“It opens a dangerous door, suggesting to future lawmakers that they can regulate churches for whatever reason,” Hinson read.
“I reject the idea that the government can shut down the church if they have a sufficient excuse,” she continued, still quoting. “People don’t need government permission to have a church.”
DiCeglie responded that his bill follows the language in the Florida Religious Freedom Restoration Actwhich holds:
“The government shall not substantially burden the exercise of religion by a person, even if the burden results from a rule of general application, except that the government may not substantially burden the exercise of religion by a person unless it demonstrates that the application of the charge to the person: is it in pursuit of a compelling governmental interest; and is the least restrictive way to promote this compelling government interest.
He admitted he couldn’t define ‘a compelling government interest’, but imagined it would include ‘a very, let’s just say, you know, catastrophic event, whether health or otherwise. I don’t know – I don’t want to speculate.
In other words, his bill would be no more or less restrictive on religious rights than permanent state law.
“My goal here is to protect the First Amendment right of those who want to assemble,” DiCeglie said.
“It’s not so much about bringing the church until box stores are allowed. It’s the other way around, if that makes sense.
Carlos Guillermo Smith, an Orange County Democrat, asked DiCeglie about the definition of religious activities the bill would protect. He contrasted Sunday Mass with a “revival concert” attracting “literally thousands of people”, but that might not be considered an “official service”.
A number of Democrats raised similar concerns about definitions of religious entities and the practice of voting against the bill.
DeCiglie said, “If you go to a concert and you listen to music, and that’s a way for someone to do it, you know how to exercise their freedom of religion, you know, I would think this project of law would protect that right.”
Ultimately, he conceded, the courts may have to “step in on this”.
“But I’m comfortable with that being broad, because, you know, these people are, you know, whatever activity they’re exercising their First Amendment rights and religious freedom in.”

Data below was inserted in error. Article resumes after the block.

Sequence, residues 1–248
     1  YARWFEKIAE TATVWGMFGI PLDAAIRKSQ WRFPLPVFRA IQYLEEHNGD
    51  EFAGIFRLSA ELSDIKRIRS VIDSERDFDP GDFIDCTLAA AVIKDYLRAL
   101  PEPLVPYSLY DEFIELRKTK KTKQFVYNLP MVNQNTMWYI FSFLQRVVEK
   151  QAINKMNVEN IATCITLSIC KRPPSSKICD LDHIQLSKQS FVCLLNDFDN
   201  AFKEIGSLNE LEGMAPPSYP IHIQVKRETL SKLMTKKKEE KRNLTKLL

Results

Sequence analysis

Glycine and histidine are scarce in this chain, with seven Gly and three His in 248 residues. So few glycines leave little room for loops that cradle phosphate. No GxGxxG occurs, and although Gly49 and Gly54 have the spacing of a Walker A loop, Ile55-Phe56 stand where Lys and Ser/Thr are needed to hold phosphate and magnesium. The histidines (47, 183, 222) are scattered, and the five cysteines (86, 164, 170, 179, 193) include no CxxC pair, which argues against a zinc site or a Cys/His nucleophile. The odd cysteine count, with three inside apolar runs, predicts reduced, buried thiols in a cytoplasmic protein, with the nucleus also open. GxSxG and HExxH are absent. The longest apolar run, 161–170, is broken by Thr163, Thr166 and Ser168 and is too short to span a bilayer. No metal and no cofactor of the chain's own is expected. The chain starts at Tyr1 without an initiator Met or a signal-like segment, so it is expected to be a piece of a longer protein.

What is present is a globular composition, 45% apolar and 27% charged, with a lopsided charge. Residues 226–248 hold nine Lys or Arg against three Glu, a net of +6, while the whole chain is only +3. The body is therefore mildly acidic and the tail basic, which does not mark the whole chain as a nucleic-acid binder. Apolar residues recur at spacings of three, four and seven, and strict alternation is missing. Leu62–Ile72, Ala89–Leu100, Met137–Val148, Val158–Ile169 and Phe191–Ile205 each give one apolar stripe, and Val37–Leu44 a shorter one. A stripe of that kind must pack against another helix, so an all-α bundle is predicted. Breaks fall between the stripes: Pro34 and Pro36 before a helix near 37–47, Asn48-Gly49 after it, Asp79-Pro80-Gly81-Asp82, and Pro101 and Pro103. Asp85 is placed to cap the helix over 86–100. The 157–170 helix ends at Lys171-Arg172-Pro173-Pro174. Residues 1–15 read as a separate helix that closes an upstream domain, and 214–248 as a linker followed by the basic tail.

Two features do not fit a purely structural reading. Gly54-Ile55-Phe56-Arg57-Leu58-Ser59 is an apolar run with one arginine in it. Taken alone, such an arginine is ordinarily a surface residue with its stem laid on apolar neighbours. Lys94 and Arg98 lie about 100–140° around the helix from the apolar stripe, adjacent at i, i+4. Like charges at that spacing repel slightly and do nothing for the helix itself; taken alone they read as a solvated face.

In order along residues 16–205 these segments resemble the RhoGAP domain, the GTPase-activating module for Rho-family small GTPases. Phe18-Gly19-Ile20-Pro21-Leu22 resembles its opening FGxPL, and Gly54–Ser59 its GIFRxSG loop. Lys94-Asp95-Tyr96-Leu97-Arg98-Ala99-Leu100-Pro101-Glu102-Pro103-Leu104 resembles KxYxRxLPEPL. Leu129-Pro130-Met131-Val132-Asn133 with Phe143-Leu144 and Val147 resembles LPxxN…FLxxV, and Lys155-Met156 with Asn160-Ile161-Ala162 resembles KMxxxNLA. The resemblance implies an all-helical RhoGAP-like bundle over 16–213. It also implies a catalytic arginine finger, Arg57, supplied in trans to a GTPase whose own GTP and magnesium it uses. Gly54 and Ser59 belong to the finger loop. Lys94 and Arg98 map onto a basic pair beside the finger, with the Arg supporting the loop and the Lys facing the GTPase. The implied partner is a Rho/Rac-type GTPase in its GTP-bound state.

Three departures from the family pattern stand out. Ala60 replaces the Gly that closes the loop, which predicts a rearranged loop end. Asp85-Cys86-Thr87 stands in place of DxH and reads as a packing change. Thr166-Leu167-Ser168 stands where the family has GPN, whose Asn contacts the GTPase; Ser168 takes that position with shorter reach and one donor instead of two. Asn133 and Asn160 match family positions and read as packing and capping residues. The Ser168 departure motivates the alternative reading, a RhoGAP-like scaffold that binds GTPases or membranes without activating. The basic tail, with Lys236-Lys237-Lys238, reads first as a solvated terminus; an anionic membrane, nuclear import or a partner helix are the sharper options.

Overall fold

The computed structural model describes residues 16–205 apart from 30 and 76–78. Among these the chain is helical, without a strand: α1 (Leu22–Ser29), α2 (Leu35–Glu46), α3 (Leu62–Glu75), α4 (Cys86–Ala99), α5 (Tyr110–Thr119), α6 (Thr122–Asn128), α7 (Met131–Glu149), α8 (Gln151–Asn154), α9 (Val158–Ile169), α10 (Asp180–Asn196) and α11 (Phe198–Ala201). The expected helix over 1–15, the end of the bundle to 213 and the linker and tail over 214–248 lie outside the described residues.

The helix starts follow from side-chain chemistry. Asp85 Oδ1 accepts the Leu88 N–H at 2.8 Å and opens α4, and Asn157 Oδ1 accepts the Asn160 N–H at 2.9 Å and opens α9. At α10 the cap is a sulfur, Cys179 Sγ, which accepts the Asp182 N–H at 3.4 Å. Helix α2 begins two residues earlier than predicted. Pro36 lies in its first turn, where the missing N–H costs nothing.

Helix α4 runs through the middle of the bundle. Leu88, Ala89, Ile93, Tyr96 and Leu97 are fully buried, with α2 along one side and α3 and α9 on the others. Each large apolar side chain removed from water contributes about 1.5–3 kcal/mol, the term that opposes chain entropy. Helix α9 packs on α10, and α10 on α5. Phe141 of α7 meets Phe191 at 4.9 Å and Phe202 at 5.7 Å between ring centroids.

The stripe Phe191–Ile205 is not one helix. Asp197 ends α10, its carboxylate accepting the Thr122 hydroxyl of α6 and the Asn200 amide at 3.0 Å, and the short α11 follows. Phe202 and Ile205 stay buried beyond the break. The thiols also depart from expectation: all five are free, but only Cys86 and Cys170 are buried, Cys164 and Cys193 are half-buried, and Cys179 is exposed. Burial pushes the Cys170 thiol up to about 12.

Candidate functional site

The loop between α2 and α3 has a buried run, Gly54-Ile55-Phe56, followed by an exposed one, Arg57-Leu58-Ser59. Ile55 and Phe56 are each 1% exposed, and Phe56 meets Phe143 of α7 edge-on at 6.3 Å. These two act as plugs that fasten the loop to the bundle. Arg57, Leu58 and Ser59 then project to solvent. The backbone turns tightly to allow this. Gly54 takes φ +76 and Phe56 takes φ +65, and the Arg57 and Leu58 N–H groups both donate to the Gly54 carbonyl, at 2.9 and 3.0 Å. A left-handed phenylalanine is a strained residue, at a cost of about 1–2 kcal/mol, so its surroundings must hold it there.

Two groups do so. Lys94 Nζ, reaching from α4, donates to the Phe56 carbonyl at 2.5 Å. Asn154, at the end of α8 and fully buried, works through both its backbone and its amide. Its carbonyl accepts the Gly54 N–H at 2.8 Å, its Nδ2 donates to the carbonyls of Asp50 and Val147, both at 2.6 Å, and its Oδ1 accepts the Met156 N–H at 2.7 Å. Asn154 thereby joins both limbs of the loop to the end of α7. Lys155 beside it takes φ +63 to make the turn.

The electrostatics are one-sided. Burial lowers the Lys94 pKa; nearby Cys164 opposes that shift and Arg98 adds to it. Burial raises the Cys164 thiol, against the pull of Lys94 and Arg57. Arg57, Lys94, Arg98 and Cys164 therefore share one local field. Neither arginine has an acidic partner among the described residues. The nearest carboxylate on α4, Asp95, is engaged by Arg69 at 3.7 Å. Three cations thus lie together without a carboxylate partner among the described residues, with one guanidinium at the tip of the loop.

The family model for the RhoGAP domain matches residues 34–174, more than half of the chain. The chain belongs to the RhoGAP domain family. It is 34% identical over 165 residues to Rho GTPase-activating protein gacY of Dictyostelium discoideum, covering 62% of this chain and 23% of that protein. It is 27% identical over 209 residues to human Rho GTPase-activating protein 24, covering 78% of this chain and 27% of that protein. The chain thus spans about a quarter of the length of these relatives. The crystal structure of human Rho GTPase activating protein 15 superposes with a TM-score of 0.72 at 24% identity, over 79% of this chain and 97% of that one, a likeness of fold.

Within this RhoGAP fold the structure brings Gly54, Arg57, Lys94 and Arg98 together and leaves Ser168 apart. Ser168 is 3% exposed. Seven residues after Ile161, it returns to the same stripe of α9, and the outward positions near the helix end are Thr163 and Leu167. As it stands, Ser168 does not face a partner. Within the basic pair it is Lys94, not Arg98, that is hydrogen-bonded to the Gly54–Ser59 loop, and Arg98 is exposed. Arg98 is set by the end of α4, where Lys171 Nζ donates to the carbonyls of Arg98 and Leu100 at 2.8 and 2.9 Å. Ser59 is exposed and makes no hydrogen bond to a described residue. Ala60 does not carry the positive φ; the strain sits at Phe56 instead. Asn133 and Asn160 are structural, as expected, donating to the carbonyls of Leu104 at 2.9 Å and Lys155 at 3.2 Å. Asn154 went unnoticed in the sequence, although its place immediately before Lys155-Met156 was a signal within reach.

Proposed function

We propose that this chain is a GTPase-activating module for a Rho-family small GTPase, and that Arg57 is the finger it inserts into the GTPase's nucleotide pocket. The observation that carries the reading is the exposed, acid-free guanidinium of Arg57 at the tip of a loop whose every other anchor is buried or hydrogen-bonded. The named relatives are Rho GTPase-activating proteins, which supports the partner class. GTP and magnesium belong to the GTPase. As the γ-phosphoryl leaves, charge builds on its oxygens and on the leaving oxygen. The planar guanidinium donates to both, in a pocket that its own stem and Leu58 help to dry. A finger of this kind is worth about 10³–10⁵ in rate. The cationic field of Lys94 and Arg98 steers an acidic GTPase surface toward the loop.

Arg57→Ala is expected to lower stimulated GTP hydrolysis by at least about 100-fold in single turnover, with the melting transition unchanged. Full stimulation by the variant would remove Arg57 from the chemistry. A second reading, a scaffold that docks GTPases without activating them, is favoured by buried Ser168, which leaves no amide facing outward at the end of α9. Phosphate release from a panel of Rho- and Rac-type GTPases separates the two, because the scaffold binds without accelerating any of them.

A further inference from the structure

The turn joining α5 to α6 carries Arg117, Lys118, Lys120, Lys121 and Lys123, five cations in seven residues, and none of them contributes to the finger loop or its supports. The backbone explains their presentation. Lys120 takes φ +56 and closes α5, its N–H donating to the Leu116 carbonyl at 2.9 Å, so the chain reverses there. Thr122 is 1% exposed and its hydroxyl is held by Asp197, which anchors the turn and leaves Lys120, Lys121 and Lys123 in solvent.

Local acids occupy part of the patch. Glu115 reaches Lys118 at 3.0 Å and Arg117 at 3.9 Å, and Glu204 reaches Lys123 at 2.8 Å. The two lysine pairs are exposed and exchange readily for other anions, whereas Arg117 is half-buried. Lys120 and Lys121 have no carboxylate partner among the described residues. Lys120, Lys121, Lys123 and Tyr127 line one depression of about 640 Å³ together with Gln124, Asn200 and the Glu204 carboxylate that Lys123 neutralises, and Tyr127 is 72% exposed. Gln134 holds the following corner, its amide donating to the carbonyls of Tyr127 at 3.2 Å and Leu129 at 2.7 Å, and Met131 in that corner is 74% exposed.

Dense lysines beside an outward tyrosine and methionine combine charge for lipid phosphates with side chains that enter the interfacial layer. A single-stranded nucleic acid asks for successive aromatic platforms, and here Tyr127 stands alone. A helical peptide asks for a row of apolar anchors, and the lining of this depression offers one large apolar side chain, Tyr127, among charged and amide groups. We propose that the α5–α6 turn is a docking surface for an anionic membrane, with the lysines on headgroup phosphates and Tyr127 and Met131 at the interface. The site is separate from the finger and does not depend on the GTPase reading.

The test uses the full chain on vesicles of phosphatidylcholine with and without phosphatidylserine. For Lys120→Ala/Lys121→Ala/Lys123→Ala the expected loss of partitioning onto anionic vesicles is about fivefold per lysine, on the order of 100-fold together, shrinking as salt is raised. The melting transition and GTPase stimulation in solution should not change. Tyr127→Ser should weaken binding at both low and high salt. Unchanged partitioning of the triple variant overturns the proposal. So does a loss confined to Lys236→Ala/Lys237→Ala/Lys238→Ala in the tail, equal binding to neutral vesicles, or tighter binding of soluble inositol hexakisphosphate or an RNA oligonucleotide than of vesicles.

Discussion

Committee Chairman Ralph Massullo, a Republican representing Citrus and part of Henando Counties, agreed.
“It seems to me that we will never be able to define – nor should we – what is a religious activity, not in this country. We shouldn’t define that in good times and we certainly shouldn’t define it in times of emergency, where I think people would probably need more religion to adhere to,” Massullo said.
“I think it’s more incumbent on the policy maker who actually establishes the state of emergency to be a bit more careful in defining exactly what entities would be involved,” he said.
DiCeglie pointed out a April Decision in which the United States Supreme Court ruled that, to justify limits on religious observance, the government must demonstrate that “the religious exercise in question is more dangerous than other activities authorized by the government, even when the same precautions are applied.
Therein, he said, “is the spirit of this bill”.
The bill has won support from the Florida Family Policy Council, the Florida Conference of Catholic Bishops and the Florida Ethics and Religious Liberty Commission.
Graham, the atheist lobbyist, opposed the bill. She raised a episode at a church in Arkansas in March 2020 in which 35 of 98 people who attended a service came down with COVID and three died. Twenty-six other cases were church-related, including one fatal.
“It’s an example of what happens when an organization is allowed to operate unchecked during such a crisis,” Graham said.
“The best way to keep Floridians safe during a public health emergency is to provide the public with guidelines that we should all follow,” she continued.
“You can say it’s about religious freedom all you want, but it’s not true. It’s a matter of religious privilege, and you’re putting the lives of every Floridian on the line.”